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Parp mutations protect from mitochondrial toxicity in Alzheimer’s disease

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If you have a question about this talk, please contact Katharina Zuhlsdorff.

Alzheimer’s disease is the most common age-related neurodegenerative disorder. Familial forms of Alzheimer’s disease associated with the accumulation of a toxic form of amyloid-β (Aβ) peptides are linked to mitochondrial impairment. The coenzyme nicotinamide adenine dinucleotide (NAD+) is essential for both mitochondrial bioenergetics and nuclear DNA repair through NAD -consuming poly (ADP-ribose) polymerases (PARPs). Here, we analysed the metabolomic changes in flies over-expressing Aβ and showed a decrease of metabolites associated with nicotinate and nicotinamide metabolism, which is critical for mitochondrial function in neurons. We show that increasing the bioavailability of NAD protects against Aβ toxicity. Pharmacological supplementation using NAM , a form of vitamin B that acts as a precursor for NAD or a genetic mutation of PARP rescues mitochondrial defects, protects neurons against degeneration and reduces behavioural impairments in a fly model of Alzheimer’s disease. Next, we looked at links between PARP polymorphisms and vitamin B intake in patients with Alzheimer’s disease. We show that polymorphisms in the human PARP1 gene or the intake of vitamin B, are associated with a decrease in the risk and severity of Alzheimer’s disease. We suggest that enhancing the availability of NAD by either vitamin B supplements or the inhibition of NAD +-dependent enzymes, such as PAR Ps are potential therapies for Alzheimer’s disease.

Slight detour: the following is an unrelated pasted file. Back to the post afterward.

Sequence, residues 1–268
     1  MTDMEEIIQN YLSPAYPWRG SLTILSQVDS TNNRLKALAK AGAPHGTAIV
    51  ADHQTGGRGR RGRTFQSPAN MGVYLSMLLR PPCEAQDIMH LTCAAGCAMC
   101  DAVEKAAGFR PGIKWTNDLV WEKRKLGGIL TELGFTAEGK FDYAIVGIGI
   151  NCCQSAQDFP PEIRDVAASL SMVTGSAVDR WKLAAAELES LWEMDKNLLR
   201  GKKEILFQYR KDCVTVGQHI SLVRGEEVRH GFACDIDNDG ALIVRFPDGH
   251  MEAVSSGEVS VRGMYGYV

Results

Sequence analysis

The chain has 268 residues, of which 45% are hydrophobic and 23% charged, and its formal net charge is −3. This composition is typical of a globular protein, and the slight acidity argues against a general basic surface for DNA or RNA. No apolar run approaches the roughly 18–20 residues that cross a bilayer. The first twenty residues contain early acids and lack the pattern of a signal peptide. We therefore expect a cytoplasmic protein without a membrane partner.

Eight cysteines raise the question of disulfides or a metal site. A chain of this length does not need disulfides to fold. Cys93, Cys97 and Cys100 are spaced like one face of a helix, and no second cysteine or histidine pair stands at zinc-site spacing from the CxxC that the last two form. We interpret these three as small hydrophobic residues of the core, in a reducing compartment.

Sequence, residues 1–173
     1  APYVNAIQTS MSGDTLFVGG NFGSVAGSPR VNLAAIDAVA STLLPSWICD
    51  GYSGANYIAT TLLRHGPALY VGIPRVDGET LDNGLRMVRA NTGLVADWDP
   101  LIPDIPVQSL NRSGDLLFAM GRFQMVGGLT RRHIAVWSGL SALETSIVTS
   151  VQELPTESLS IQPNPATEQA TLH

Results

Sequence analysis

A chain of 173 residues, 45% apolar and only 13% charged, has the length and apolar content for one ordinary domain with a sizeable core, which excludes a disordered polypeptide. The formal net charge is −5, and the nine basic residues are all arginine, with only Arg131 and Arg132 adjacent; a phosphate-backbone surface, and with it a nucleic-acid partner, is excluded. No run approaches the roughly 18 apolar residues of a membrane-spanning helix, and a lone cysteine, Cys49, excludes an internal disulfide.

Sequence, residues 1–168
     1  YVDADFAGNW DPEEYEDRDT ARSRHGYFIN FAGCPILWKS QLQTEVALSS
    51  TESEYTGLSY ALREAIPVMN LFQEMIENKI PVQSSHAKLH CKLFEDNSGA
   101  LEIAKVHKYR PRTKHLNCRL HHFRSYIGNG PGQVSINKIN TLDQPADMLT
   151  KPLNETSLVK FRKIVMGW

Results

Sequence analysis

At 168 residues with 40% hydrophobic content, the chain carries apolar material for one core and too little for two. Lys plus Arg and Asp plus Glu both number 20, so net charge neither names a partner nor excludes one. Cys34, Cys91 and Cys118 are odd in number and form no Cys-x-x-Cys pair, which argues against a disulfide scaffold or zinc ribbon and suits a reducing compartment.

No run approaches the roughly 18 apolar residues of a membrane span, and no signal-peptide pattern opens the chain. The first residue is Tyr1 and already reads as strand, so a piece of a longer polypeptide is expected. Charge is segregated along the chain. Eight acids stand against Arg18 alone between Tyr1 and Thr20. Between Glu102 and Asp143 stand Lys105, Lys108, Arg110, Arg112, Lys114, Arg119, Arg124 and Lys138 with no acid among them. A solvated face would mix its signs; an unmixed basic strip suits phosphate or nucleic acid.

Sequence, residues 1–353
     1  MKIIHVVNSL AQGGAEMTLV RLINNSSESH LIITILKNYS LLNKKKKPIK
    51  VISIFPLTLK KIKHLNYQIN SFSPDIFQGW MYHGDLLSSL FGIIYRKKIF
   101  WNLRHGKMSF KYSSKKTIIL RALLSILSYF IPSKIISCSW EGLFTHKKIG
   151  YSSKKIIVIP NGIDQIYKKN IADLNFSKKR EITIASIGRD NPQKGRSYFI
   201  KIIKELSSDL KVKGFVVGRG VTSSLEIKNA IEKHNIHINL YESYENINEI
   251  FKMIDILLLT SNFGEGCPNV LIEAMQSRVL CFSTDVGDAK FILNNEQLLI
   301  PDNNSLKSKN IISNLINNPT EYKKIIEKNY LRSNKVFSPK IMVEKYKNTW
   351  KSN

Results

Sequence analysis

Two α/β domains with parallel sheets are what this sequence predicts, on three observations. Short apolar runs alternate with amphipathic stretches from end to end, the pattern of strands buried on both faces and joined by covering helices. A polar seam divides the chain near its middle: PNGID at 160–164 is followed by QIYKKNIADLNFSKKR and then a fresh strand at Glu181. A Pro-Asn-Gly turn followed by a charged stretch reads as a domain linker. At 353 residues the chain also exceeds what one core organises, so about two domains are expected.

This talk is part of the CamBRAIN Virtual Journal Club series.

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